Walter likes the individuality of the performance, too. “I get to shape an ending,” he said, recalling one piece in particular in this season’s repertoire, “independently, using my experience and education, not following a conductor’s demands. That was fun! I could do it differently every night.”
The Preucils in the past have brought an additional family touch to the concerts. Their oldest son Zachary (now 19) is a composer and beginning at age eight, would create pieces that were performed as preludes at MMF concerts.
Because chamber music was historically performed in homes, the varied intimate concert spaces are traditionally appropriate, and audiences respond well to the immediacy of performances, a closeness that allows them not only to hear nuances of sound but also to see and almost literally touch the musicians.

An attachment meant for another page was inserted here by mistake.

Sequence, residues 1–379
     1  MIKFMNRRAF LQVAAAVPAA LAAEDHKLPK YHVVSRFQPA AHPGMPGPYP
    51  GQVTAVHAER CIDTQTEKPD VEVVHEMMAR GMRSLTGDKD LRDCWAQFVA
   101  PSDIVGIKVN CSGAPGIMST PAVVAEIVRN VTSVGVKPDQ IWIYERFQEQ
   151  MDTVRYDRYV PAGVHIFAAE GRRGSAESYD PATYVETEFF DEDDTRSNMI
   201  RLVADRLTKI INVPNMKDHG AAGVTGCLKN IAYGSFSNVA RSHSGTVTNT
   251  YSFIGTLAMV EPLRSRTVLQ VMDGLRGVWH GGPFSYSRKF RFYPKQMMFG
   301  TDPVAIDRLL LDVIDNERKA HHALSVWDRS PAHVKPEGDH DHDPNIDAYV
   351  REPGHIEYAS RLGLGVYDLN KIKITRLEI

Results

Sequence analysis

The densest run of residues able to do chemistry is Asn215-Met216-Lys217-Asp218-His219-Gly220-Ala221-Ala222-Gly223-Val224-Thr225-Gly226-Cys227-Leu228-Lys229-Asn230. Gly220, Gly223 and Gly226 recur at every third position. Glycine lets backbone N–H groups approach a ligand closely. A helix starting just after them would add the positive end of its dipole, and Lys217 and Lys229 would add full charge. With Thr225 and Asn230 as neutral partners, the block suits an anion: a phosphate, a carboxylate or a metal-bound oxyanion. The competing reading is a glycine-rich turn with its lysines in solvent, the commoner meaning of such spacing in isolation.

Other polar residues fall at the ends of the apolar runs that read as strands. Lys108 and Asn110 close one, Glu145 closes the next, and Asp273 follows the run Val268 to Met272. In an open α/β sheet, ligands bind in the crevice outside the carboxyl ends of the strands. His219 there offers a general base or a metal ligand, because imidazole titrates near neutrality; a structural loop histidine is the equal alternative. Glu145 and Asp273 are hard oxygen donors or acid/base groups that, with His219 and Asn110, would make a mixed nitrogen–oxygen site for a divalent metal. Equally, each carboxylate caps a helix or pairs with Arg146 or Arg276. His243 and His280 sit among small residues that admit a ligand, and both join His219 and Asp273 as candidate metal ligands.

The Preucils perform with symphony orchestras and chamber ensembles in addition to MMF. Stephanie presently is a member of the Champagne Players. Walter has been a member of the Lyric Opera of Chicago orchestra since 1988, playing on a cello made by Giovanni Fiorillo in 1781. Stephanie, Walter, and pianist William Koehler have appeared together as the Classic Arts Trio for 20 years.
Both of the Preucils teach as well as perform. Stephanie and Walter are on the faculty of the Interlochen Center for the Arts in Michigan. In 2006 Stephanie received the Illinois ASTA Most Outstanding Studio Teacher Award. She has taught violin privately since age 14 and currently instructs 45 – 50 students each week.
Stephanie likes working with students to reach their potential as musicians, and as she uses the Suzuki instructional method, “helping them become a good person through the study of music.”